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Northern Harrier

Northern Harrier
Circus cyaneus
Hawk-like Birds | Family: Hawks and Eagles, Accipitridae

An estimated 17% of the species' North American population breeds within the Boreal Forest.



This is the only North American member of a group of hawks known as harriers. All hunt by flying close to the ground and taking small animals by surprise. They seldom pursue their prey in the air or watch quietly from an exposed perch, as do other birds of prey. Harriers have keener hearing than other hawks; their disk-shaped faces, not unlike those of owls, enable them to amplify sound. This species is often known as the Marsh Hawk.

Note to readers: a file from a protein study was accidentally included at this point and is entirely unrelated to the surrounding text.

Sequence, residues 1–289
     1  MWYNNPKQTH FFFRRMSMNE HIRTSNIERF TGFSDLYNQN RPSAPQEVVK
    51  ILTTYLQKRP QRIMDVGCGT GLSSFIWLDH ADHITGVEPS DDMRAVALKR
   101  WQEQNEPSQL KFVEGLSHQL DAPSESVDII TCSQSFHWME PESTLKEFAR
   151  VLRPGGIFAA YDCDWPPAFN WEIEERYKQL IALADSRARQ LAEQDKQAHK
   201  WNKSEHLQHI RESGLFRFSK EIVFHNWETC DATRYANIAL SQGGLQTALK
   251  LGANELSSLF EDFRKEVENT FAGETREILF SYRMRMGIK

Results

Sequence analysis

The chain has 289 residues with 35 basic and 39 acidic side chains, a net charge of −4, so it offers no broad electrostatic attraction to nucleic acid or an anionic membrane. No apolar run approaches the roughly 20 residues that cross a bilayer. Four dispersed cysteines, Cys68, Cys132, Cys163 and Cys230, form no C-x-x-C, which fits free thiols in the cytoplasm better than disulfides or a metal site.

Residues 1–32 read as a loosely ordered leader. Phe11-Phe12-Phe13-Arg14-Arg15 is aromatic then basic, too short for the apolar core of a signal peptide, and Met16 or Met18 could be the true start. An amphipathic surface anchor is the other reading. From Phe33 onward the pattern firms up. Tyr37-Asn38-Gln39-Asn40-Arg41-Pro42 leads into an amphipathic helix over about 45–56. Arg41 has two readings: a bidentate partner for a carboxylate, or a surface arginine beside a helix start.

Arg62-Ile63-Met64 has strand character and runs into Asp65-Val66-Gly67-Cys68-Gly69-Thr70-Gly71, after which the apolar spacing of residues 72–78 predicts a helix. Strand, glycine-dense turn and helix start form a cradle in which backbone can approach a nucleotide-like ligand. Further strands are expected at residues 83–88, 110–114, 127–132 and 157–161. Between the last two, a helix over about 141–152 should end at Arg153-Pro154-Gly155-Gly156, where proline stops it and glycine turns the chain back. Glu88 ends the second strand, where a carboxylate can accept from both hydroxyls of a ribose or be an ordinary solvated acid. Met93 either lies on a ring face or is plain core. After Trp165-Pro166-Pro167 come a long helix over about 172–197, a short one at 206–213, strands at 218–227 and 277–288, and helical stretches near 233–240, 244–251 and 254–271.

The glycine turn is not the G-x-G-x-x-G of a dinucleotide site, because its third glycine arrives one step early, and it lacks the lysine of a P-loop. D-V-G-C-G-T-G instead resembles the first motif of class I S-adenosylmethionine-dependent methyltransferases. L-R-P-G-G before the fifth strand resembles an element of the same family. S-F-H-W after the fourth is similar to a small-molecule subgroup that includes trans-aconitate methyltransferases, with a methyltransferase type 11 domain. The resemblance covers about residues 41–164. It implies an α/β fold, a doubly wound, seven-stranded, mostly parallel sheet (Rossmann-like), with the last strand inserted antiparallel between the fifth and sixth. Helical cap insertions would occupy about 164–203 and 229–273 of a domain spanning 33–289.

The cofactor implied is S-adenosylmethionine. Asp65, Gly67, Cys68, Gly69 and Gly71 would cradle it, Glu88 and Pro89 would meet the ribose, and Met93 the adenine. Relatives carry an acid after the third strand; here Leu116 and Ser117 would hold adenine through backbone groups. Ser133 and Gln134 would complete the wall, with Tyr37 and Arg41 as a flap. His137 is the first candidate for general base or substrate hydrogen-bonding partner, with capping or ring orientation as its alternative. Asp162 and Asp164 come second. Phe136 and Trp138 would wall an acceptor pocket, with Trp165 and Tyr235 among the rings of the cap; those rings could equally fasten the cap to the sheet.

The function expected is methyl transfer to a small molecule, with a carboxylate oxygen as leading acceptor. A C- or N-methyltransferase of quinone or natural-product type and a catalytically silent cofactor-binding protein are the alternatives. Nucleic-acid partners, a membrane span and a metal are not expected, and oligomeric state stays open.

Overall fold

16-24" (41-61 cm). W. 3' 6" (1.1 m). A long-winged, long-tailed hawk with a white rump, usually seen gliding unsteadily over marshes with its wings held in a shallow V. Male has pale gray back, head, and breast; wing tips black. Female and young are brown above, streaked below, young birds with a rusty tone.


At the nest it utters a kee-kee-kee-kee or a sharp whistle, but usually silent.


4 or 5 pale blue or white eggs, unmarked or with light brown spots, on a mound of dead reeds and grass in a marsh or shrubby meadow.


Marshes and open grasslands.


Breeds from Alaska, northern Canada, and Maritime Provinces south to southern California, Arizona, Kansas, and Virginia. Winters from South America north to British Columbia, Great Lakes, and New Brunswick. Also in Eurasia.